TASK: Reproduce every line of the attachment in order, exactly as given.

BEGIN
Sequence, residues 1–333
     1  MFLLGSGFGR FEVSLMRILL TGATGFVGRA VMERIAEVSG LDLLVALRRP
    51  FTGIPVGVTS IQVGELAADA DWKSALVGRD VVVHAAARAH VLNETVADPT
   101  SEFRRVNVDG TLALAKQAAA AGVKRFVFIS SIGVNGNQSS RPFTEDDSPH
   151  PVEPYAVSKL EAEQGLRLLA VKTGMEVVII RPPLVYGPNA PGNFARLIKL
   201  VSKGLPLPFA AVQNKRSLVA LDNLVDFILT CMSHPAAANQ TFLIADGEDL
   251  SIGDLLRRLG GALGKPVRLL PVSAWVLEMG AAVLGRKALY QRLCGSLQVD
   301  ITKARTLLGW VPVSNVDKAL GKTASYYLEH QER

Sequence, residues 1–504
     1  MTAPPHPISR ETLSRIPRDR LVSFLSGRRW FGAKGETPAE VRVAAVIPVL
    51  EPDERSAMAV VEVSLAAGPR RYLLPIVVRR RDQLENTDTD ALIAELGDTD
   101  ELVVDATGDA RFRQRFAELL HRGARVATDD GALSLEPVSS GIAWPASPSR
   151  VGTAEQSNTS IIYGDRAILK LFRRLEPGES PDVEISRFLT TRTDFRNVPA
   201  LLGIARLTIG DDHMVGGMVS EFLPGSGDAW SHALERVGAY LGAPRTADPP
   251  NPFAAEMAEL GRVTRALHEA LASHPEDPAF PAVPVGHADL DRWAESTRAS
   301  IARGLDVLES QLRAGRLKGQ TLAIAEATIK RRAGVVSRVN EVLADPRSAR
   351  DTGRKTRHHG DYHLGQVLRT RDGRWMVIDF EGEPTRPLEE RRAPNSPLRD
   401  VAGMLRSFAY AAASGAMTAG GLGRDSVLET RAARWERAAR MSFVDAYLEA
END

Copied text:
Sequence, residues 1–333
     1  MFLLGSGFGR FEVSLMRILL TGATGFVGRA VMERIAEVSG LDLLVALRRP
    51  FTGIPVGVTS IQVGELAADA DWKSALVGRD VVVHAAARAH VLNETVADPT
   101  SEFRRVNVDG TLALAKQAAA AGVKRFVFIS SIGVNGNQSS RPFTEDDSPH
   151  PVEPYAVSKL EAEQGLRLLA VKTGMEVVII RPPLVYGPNA PGNFARLIKL
   201  VSKGLPLPFA AVQNKRSLVA LDNLVDFILT CMSHPAAANQ TFLIADGEDL
   251  SIGDLLRRLG GALGKPVRLL PVSAWVLEMG AAVLGRKALY QRLCGSLQVD
   301  ITKARTLLGW VPVSNVDKAL GKTASYYLEH QER

Sequence, residues 1–504
     1  MTAPPHPISR ETLSRIPRDR LVSFLSGRRW FGAKGETPAE VRVAAVIPVL
    51  EPDERSAMAV VEVSLAAGPR RYLLPIVVRR RDQLENTDTD ALIAELGDTD
   101  ELVVDATGDA RFRQRFAELL HRGARVATDD GALSLEPVSS GIAWPASPSR
   151  VGTAEQSNTS IIYGDRAILK LFRRLEPGES PDVEISRFLT TRTDFRNVPA
   201  LLGIARLTIG DDHMVGGMVS EFLPGSGDAW SHALERVGAY LGAPRTADPP
   251  NPFAAEMAEL GRVTRALHEA LASHPEDPAF PAVPVGHADL DRWAESTRAS
   301  IARGLDVLES QLRAGRLKGQ TLAIAEATIK RRAGVVSRVN EVLADPRSAR
   351  DTGRKTRHHG DYHLGQVLRT RDGRWMVIDF EGEPTRPLEE RRAPNSPLRD
   401  VAGMLRSFAY AAASGAMTAG GLGRDSVLET RAARWERAAR MSFVDAYLEA